• And you, who were dead in your trespasses and the uncircumcision of your flesh, God made alive together with him, having forgiven us all our trespasses, by canceling the record of debt that stood against us with its legal demands. This he set aside, nailing it to the cross. (Colossians 2:13-14)
  • No, in all these things we are more than conquerors through him who loved us. (Romans 8:37)
  • No longer do I call you servants, for the servant does not know what his master is doing; but I have called you friends, for all that I have heard from my Father I have made known to you. You did not choose me, but I chose you and appointed you that you should go and bear fruit and that your fruit should abide, so that whatever you ask the Father in my name, he may give it to you. (John 15:15-16)
  •  …for in Christ Jesus you are all sons of God, through faith. For as many of you as were baptized into Christ have put on Christ. (Galatians 3:26-27)

I could go on and on, but just look at a little of what the Bible says about who we are in Christ! Really. If you just skipped the verses or skimmed over them, go back up and read them again. How amazing are those verses!

My point is, we are not saved to do “Christian things”. We are saved to do all things to the glory of God. In other words, our identity is in Christ. Therefore, everything we do will always be put through that filter. Christianity is not about being a Jesus Freak! It is not about being “that super Christian guy”. It is about knowing who God says we are in Christ and living in response to that. It is about walking in the reality of who you are now that you know that you are God’s. Your identity is not in what you do, but in whose you are. You are sons and daughters of God. If you do music, do it as His. If you do art, do it as His. If you do sports, do it as His. If you do your job, do it as a son or daughter of the most high God.

Do not find your identity in being a Christian. Always remember that your identity is and will always be in Christ.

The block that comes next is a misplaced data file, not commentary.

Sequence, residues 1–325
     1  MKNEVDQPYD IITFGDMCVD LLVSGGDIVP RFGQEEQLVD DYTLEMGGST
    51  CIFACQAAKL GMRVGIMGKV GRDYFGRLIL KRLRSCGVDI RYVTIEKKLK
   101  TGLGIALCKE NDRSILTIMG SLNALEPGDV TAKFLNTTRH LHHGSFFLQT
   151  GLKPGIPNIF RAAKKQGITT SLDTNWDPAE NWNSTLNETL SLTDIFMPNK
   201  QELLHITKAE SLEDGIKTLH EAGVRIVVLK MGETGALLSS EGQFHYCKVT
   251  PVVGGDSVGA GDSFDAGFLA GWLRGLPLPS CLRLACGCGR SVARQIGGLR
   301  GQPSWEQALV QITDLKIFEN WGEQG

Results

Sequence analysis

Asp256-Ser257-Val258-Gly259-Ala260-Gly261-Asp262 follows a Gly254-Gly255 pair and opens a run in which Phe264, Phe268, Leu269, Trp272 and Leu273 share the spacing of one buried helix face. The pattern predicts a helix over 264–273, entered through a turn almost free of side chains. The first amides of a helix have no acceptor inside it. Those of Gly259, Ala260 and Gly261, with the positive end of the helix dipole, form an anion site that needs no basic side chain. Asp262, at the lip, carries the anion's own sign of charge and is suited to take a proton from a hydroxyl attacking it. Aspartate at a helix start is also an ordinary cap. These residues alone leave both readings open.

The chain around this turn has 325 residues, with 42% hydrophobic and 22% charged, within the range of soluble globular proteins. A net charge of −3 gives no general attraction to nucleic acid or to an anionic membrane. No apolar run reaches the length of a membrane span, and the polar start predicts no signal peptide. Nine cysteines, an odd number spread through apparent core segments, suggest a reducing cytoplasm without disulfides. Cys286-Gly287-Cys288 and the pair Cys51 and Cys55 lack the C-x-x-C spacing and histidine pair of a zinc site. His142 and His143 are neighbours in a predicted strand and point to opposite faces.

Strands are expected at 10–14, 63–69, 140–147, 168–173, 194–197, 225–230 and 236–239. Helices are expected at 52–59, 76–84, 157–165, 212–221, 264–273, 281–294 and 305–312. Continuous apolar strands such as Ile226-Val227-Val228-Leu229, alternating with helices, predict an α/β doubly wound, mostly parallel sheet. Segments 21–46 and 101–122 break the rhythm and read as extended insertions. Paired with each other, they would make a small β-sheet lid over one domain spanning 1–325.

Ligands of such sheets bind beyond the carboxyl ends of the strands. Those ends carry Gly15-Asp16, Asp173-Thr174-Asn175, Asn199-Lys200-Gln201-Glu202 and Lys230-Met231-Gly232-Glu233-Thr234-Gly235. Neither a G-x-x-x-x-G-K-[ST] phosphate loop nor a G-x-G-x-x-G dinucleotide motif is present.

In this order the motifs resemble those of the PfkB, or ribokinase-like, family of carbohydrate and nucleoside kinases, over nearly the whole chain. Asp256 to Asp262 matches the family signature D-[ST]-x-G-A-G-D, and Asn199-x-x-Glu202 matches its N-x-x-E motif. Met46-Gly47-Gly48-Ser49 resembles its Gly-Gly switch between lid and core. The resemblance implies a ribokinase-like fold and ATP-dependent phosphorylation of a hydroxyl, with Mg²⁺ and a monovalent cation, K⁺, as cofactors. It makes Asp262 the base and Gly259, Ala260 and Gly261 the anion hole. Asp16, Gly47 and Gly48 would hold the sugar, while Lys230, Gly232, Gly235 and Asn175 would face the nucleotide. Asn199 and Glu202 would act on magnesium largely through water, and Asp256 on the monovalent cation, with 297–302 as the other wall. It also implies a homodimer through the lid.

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This is an excerpt from my book, “Church Kid: Restoring Your Faith After Being Raised in Church,” now available for purchase here.

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2 thoughts on “Find Your Identity in Christ… Not in Being a Christian

  1. for many years I struggled with my own identity–it was my realization that my identity is within Christ that has made all the difference–great post!

  2. I recently read an article that discussed the common rhetoric of “finding identity in Christ.” I wish I knew the link so you could read it, but its premise was being critical of how the phrase is thrown around. People use it to keep themselves somewhat separated from reality. For example, if you don’t like your job, don’t worry, your identity isn’t in your job but in Christ. The problem with dissolving every aspect of our lives to what it’s “not” leaves us with a lot of emptiness.

    The identity is found in Christ but the practicality, the applicability, and the reality of Christ infiltrates people so that they may MORE actively take part in “life.” I personally just really like this idea because its not a quick-fix answer to questions of identity, but oddly satisfying.